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Online friends post imageWhen we join Twitter, those who befriend us are labeled as “followers”. On Facebook, they’re “friends”.

With blogging, we often label fellow bloggers as “blogging buddies”.

But who are these people, really?

Today’s Lesson

In the comments of the The Cost Of Being Heard post Sara of A Sharing Connection said, in part,

One thing kind of bothers me about the subject of “real” friends and “online” friends I don’t see a great deal of difference, except I can’t see the online person. A friend is a friend. Friendship is about communication and sharing. So what if it’s not face-to-face?

Writing coach Davina of Shades of Crimson shared,

The only time when I feel funny talking to my offline friends about blogging is when I hear myself say, “My online friend so and so said…” It sounds like I have invisible friends, lol. …

In real life it’s easy to label someone we know. We’ll say, “my friend…”, or tag them with a descriptive title such as “my sister”, “my cousin” or “a co-worker.” and whomever we’re talking to, knows exactly who we’re talking about.

But what about the people we meet online? Who are they?

A friend? A follower? An online acquaintance? A fellow blogger? A blogging buddy?

Do we classify them differently because we’ve never met in person?

Are they an acquaintance or blogging buddy first, but after we’ve known them for a while, they earn the “friend” title?

Behind every blog, every Facebook post, and every tweet is a real person with real feelings. Real thoughts. Real emotions.

People just like us.

Although we can’t see them and may never meet them, via words, relationships form.

Are they less important than the relationships we have in the real world?

Maybe not.

Today’s Assignment

When talking to your real life friends about those whom you’ve met online, how do you describe them?

Do you think online and offline friendships/relationships can be equal?

Care to share?

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Do you remember when you first started blogging? Wordpress publish button image

Although I don’t think about it often, I still do.

I was scared to hit “publish” the first few times, and I worried because I kept switching my theme.

I didn’t know any of the blogging terms either.

Being self taught, I spent most of my non-writing time searching for help, but even when I found help, I usually didn’t understand what to do with it.

I was pretty naive.

Today’s Lesson

When I think back to when I first started blogging, I didn’t have too many expectations except for thinking I could make lots of some money by having a blog.

  • I wasted a lot of time signing up for affiliate networks and tweaking my Google AdSense ads.

  • I didn’t know that without thousands of visitors a day, making a decent income from a blog was out of the question. When I figured it out (that I needed traffic to make money), I wasted time trying to get more traffic, too. Instead, I should have been learning more about SEO (search engine optimization) and spending less time looking for an “easy way”.

  • I wanted comments. Little did I know I should have kicked the “If I build it, they will come” attitude and should have spent time visiting and commenting on other blogs.

  • Although I worried about changing my theme so often, I should have realized without a steady stream of visitors, it really didn’t matter.

  • I love numbers, so for me checking my statistics became a daily obsession. Instead of wasting time watching the numbers rise and fall, I should have spent time either writing and publishing or learning techniques which would take me closer to my goals.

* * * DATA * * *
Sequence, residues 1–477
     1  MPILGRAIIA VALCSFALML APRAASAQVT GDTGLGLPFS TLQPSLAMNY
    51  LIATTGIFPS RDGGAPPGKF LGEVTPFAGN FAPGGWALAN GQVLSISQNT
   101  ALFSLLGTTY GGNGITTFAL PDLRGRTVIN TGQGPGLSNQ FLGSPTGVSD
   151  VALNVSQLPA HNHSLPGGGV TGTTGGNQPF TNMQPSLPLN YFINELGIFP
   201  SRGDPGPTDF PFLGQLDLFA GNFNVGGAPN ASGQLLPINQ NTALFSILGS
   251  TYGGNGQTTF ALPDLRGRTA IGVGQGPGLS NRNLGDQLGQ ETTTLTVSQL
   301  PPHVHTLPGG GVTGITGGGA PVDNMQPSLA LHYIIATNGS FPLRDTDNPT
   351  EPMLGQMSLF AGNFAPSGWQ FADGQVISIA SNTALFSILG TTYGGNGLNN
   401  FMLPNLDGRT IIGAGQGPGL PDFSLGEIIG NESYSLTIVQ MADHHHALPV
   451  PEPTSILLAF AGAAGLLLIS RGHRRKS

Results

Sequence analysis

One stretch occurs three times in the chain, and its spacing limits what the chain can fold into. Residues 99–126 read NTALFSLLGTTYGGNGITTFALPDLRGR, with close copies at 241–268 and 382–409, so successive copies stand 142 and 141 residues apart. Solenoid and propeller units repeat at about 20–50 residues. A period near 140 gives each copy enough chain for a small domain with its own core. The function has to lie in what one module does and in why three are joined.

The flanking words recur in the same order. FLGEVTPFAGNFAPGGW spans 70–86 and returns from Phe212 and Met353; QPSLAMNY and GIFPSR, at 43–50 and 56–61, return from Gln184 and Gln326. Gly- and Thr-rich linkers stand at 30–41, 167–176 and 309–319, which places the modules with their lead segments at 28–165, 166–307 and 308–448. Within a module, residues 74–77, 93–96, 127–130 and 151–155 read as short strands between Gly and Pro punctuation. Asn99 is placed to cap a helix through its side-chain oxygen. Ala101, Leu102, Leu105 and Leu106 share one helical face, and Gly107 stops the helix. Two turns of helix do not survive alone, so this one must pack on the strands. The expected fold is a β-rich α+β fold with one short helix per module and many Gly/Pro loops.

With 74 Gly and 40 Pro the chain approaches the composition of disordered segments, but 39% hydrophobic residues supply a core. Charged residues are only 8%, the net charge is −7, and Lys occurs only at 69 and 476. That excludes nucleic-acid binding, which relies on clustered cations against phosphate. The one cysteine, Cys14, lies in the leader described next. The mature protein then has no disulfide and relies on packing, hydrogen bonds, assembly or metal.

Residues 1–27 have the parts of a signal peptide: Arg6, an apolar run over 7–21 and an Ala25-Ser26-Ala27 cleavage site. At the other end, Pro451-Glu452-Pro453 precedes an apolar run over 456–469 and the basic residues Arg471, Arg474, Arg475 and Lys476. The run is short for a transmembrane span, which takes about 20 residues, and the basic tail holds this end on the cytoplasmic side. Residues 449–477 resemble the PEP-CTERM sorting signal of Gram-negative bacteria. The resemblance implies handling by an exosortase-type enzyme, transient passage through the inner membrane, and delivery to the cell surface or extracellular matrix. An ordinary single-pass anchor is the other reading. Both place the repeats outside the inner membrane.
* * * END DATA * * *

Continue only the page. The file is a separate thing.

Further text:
• Social networking sites like Twitter and Facebook can be fun, but they can also be addicting. Before signing up, I should have asked myself if the benefits of participating in social networking will outweigh the investment of my time.

Truth be told, I wasted a lot of time on blogging activities I should have postponed until later or maybe not even got involved in, but that’s in the past.

What about you?

Today’s Assignment

Looking back, if you had to do it all over again, where would you have spent more time?

Where would you have spent less time?

Care to share?

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When we start blogging we often ask ourselves which way to go.

Should we set up a free blog? Or, bite the bullet, and pay for one?

Unfortunately we don’t know if we’ll enjoy blogging and may ask ourselves, “Would it be wise to put out the money for a blog?”

But on the other hand, if we don’t, might we have regrets?

It’s a tough call.

Today’s Lesson

As I was reading John’s Top 5 Crash and Burn Blogger Mistakes Which Keep You Poor by John Hoff of WP Blog Host, he answered this question perfectly. His response is:

A free blog is ok if: All you care about is your content. Free blogs are good if you want someone else to take care of all the security issues, upgrades, etc. If your only goal is to write and you don’t care much about making money and turning your blog into a business, a free blog is fine.

A free blog is not ok if: You want to turn your blog into a business; want full control of the design of your blog; your mind is telling you that you’ll upgrade to a self hosted blog one day down the road; etc.

When I started blogging, I researched what the big name bloggers were doing and noticed they had self hosted WordPress blogs.  I followed their lead and did the same.

That decision costs me just over $100 a year.

For me, I feel it was a wise choice, however, it’s may not be right for everyone.

What say you?

Today’s Assignment

Do you have a free or self hosted blog?

What was the deciding factor for you?

Any regrets?

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